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Lightning’s Ryan McDonagh, Alex Killorn look to ‘Jam Kancer’

McDonagh and Killorn will hold a kan jam tournament to benefit the adolescent and young adult program at Moffitt Cancer Center.
Ryan McDonagh and Alex Killorn pose with cancer survivors at a dinner to learn more about Moffitt Cancer Center's adolescent and young adult program at Ulele on Feb. 5.
Ryan McDonagh and Alex Killorn pose with cancer survivors at a dinner to learn more about Moffitt Cancer Center's adolescent and young adult program at Ulele on Feb. 5. [ DIANA C. NEARHOS | TIMES ]
Published Feb. 6, 2020
Updated Feb. 6, 2020

TAMPA — Alex Killorn’s Instagram post piqued Lizette Robles’ interest. Robles works at Moffitt Cancer Center and had met the Lightning wing when he visited the facility a few years ago.

Killorn had posted a story about organizing a kan jam event to benefit cancer-fighting efforts.

Robles had no idea what kan jam was — it involves two players trying to throw a flying disc into opposite cans in a style similar to cornhole, with similar scoring — but she knew she wanted Moffitt to get involved with the event. She reached out to Savannah Deisering, the partnership activation manager she works with at the Lightning, and Killorn and Ryan McDonagh visited the facility a few days later.

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With the Lightning home this week — they face the Penguins at 7 Thursday night at Amalie Arena — Killorn and McDonagh are hosting a “Jam Kancer in the Kan” tournament from 5-8 p.m. Friday at Sparkman Wharf in Tampa to benefit Moffitt’s Adolescent and Young Adult Program.

“We feel pretty fortunate,” Killorn said. “And it was time that we can give back to the community. We’re guys that have been here for a little bit (Killorn is in his eighth season with the Lightning) and hopefully will be here for a little bit longer to continue this tradition.”

Spectator tickets are available at They cost $100 and double as raffle tickets. Two spectators will be selected to choose a friend and play on Killorn’s and McDonagh’s teams.

The idea for the event originated when McDonagh, Lightning defenseman Kevin Shattenkirk and former Lightning forward J.T. Miller were with the Rangers.

Shattenkirk hosted a kan jam tournament each of his two years in New York. McDonagh and Miller played at his first event before they were traded to the Lightning. They started to plan an event in Tampa Bay, then Miller was traded to the Canucks in June.

Killorn was quick to hop on board. He knew Moffitt from the Lightning’s work with it. He and McDonagh visited a few organizations in the bay area and looked into some across the state.

Moffitt’s program for young adults with cancer stood out to them. It serves 19- to 39-year-olds, an underserved group. Many cancer organizations focus on pediatric and adult oncology.

“It’s such a transition point in your life,” McDonagh said. “We’re both in our 30s now (McDonagh and Killorn turned 30 last year), and we can’t imagine finding out you have cancer now while you’re making plans for a family, dealing with hospital bills while you’re trying to have a family and get your career established.”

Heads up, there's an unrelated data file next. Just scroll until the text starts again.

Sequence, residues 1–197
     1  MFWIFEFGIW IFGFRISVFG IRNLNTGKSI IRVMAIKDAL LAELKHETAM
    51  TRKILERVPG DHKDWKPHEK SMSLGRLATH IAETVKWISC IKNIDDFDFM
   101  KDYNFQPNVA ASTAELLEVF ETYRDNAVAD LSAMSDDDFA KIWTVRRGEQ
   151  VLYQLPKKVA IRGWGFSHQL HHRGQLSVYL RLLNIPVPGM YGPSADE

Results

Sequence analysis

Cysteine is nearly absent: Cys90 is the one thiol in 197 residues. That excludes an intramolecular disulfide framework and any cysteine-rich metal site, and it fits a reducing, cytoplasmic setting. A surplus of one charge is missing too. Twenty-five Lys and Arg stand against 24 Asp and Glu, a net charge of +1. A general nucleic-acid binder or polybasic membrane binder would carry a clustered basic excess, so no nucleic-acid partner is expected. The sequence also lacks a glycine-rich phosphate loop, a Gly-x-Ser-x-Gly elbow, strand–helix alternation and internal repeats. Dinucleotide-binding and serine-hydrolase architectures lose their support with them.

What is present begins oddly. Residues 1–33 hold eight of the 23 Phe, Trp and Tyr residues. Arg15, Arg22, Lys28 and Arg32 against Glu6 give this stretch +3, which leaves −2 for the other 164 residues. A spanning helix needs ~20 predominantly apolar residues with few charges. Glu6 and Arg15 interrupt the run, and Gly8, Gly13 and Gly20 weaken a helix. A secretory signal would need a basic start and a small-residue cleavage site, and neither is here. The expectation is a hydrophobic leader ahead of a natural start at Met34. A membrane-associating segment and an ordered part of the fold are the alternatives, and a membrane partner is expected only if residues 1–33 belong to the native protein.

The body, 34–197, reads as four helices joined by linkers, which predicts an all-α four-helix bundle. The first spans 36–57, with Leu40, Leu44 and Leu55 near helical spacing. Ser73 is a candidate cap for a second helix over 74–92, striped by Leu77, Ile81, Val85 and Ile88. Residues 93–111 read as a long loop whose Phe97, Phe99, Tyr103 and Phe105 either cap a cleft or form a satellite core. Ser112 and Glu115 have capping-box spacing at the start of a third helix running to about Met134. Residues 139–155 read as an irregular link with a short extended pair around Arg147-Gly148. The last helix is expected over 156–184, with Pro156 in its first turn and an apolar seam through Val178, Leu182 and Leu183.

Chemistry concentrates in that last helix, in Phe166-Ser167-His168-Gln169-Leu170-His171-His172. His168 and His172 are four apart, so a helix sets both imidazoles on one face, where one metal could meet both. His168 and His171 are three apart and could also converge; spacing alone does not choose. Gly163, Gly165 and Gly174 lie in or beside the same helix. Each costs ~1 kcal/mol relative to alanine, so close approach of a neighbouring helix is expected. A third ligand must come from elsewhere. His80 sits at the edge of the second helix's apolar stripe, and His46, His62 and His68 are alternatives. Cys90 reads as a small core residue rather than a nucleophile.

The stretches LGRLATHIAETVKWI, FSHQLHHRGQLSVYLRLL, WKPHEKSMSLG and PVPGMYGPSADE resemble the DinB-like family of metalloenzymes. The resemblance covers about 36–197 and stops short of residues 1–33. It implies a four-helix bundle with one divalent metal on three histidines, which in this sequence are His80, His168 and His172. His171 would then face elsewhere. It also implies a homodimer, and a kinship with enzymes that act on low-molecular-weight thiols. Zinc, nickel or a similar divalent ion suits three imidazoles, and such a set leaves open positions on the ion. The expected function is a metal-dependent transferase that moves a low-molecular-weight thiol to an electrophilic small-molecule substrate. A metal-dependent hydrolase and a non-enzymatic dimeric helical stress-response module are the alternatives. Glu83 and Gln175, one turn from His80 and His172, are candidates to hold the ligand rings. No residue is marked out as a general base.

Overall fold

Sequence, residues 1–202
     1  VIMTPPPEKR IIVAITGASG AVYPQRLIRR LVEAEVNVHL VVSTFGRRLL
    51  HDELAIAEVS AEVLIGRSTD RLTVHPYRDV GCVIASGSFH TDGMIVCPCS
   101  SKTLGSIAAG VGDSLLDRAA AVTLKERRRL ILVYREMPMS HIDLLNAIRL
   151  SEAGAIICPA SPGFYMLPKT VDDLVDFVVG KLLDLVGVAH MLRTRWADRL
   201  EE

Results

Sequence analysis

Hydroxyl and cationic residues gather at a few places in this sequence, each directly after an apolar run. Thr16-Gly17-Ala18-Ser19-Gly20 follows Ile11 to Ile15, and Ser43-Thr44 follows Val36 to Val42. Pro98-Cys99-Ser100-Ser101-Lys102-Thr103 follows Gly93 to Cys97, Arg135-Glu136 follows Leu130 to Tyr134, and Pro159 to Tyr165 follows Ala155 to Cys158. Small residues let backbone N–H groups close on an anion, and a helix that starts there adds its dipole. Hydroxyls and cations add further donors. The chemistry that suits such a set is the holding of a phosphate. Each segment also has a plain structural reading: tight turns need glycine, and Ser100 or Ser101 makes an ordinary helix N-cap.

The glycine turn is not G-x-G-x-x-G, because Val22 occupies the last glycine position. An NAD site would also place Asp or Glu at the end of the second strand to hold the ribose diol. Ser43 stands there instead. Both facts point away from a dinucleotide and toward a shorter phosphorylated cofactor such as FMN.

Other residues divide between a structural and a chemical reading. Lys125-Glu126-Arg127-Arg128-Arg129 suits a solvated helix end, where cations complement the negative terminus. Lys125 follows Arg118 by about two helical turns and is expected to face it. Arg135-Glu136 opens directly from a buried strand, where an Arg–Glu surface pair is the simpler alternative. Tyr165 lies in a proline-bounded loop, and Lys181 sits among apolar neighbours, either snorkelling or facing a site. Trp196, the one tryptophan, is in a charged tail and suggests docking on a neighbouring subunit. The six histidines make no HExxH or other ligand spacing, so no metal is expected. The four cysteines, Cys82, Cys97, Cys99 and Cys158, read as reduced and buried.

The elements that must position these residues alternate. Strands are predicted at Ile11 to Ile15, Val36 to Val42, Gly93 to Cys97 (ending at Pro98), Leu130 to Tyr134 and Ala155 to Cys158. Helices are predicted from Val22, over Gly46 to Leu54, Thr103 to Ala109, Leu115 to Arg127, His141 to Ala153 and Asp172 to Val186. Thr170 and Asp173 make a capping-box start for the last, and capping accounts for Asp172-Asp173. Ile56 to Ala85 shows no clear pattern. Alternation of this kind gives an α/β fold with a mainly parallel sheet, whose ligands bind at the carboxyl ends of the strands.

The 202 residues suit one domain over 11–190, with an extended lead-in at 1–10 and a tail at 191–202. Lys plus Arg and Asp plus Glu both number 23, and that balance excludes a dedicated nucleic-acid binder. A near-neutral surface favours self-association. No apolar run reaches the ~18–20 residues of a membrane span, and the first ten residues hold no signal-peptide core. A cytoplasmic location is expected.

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Both players thought of athletes with cancer. For Killorn, that was Oskar Lindblom, a 23-year-old Flyer recently diagnosed with Ewing sarcoma, a rare form of bone cancer. McDonagh thought of University of Minnesota football player Casey O’Brien, 20, a four-time cancer survivor.

The players hosted a dinner for some of Moffitt’s survivors — including Joshua Rivera, who had a lot to do with creating the center’s program — at Tampa restaurant Ulele on Wednesday to hear more about their stories and what the program has done for them.

Rivera, 40, was diagnosed with Ewing soft-cell sarcoma 13 years ago and completed his treatments 11 years ago this week. He transferred to Dr. Damon Reed, who had a vision for a program for adolescents and young adults, an age group seeing a decrease in survival rates while the rates go up for children and older people.

For some, that decrease is because young people can’t or don’t commit to the full treatment while also trying to start their lives. At his time of diagnosis, Rivera had a 15 percent chance of survival.

Reed pitched the program to Rivera and invited him to serve on the patient advisory council. Rivera has been involved since. One of Rivera’s focuses is helping male patients bank sperm because chemotherapy and radiation prevent natural insemination. Ten years after he finished treatment, Rivera still cannot have children naturally.

“It’s become one of my passions,” he said. “I don’t want someone to be prevented from the possibility of having a child because they didn’t have the money to bank sperm at the time.”

Moffitt’s program also helps coordinate medical and social services, and offers support groups. For Rivera it also was important to connect with people going through something similar. His friends couldn’t necessarily relate to what he was going through during his treatment.

“It’s great to have people of this caliber in society behind that mission,” Rivera said of McDonagh and Killorn.

Contact Diana C. Nearhos at Follow @dianacnearhos.

This story has been corrected to reflect Rivera’s age.